In the grips of the climate crisis, these four Aussie stories are helping shoppers to reduce their footprint.
As the world continues to battle with the climate crisis, the impact of the fashion industry is becoming more and more apparent. According to the Department of Agriculture, Water and the Environment, Australia is the second highest consumer of textiles, just behind the United States. Each year Australians consume around 27 kilograms of new clothing per person, while disposing of around 23 kilograms to landfill. With better education around slow fashion and more opportunities to buy second hand, becoming a sustainable shopper has never been so easy. To help you on this journey, we’ve come up with our favourite online second-hand stores.
As one of Australia’s largest online thrift stores, The Closet specialises in reselling clothes, shoes and fashion accessories. By reselling these items at a price up to 90% lower than what they were originally brought for, thrift shopping is financially sustainable for any consumer. With sections including designer brands, The Closet focuses on sophisticated and timeless fashion. Check them out here.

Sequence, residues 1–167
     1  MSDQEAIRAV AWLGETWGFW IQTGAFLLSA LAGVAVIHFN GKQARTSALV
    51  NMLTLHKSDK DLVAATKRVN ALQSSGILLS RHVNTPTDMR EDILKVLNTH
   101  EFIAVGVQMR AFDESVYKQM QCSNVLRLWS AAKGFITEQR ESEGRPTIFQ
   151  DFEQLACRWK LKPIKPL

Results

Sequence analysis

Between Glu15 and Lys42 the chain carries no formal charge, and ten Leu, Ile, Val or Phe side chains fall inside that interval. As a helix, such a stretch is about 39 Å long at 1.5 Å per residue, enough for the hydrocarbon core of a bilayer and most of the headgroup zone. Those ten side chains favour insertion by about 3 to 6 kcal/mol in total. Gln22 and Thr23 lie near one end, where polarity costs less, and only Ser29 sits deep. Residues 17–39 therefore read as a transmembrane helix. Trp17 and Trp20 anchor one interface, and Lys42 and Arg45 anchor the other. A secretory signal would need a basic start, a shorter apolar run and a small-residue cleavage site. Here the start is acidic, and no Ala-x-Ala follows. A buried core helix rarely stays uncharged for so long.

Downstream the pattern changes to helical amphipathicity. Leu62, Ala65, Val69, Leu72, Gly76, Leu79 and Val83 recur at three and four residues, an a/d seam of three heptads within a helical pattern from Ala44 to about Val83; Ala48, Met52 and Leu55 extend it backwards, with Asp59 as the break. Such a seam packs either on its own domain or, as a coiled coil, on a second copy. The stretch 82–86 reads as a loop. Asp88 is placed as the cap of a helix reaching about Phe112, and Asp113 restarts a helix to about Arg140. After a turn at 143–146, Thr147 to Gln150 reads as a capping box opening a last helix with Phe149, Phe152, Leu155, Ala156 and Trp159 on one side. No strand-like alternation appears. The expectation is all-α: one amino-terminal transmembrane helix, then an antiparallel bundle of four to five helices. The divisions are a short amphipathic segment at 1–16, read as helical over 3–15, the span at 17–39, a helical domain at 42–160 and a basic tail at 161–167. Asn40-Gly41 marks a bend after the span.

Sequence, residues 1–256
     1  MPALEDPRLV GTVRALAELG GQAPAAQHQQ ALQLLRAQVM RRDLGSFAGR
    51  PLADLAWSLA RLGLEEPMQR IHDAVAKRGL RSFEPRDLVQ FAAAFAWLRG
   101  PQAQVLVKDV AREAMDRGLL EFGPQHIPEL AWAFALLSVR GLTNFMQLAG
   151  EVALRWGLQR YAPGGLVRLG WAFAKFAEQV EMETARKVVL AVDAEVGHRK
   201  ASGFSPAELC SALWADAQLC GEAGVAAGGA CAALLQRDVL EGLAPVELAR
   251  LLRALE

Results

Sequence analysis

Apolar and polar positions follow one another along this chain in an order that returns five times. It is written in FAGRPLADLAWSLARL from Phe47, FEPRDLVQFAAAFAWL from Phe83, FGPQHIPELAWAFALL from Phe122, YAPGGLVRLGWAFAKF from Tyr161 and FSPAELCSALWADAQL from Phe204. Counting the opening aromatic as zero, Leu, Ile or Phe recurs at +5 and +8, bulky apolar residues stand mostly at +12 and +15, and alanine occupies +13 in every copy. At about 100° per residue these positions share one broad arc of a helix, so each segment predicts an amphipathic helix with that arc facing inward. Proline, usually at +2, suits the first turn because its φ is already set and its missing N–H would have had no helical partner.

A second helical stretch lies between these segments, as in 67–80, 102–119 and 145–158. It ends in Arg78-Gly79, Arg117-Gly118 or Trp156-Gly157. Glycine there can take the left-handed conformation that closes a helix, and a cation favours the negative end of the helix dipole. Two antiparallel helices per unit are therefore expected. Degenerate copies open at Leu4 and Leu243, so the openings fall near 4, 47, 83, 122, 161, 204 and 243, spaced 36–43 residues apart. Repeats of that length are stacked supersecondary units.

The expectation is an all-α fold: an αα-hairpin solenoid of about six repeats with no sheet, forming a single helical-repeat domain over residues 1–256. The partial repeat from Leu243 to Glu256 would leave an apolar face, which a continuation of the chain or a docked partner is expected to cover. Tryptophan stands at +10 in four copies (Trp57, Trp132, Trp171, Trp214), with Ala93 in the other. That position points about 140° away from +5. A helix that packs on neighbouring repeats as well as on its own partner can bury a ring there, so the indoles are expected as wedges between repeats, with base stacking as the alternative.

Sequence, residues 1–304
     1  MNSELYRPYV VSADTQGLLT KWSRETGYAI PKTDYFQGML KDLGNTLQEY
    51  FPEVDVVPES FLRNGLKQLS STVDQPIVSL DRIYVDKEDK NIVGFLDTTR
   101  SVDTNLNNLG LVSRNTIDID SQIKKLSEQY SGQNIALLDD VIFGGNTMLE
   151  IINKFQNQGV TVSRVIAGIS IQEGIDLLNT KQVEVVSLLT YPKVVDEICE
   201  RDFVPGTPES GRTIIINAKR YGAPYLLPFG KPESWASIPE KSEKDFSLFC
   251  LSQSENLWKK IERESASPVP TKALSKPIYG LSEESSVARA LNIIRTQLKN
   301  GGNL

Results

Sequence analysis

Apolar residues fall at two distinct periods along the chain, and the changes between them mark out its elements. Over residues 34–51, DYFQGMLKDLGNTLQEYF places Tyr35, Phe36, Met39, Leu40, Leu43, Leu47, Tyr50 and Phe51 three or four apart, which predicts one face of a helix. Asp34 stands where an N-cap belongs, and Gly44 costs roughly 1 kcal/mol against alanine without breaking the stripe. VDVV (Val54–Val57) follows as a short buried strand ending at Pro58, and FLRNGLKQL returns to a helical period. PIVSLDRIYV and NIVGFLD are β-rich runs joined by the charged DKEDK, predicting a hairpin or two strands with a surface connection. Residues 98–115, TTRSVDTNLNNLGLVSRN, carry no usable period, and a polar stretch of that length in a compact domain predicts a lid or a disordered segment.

Focusing on designer pieces, Blue Spinach is luxury fashion meets sustainability warrior. With brands including Louis Vuitton, Valentino, Chanel and more, Blue Spinach was built on being ethically and environmentally responsible. From its creation in 1996, each piece for sale is hand chosen to prioritise sustainability, quality and customer satisfaction. View its full range here.
Similar to Blue Spinach, REVIOR has built its online store to sell luxury fashion and designer brands to Australians. REVIOR was founded in 2016 with the belief that fashion should include “style, exceptional customer service and sustainable reuse”. This mission has been accomplished through including designers such as; Alexander Wang, Lisa Ho, Hugo Boss, and more, while decreasing the waste from the fashion industry. See its complete range here.
Available in Australia and New Zealand, Mottainai is named after the Japanese term to express regret regarding waste. Mottainai was built on the belief that individuals should respect and use clothes for the items’entire life, while holding a sense of gratitude towards them. With items from various prices, Mottainai is an affordable option when shopping second-hand. Check them out here.
With so many ways to reduce your environmental impact and shop sustainability, will these stores change who you buy from?
By Zoe Moffatt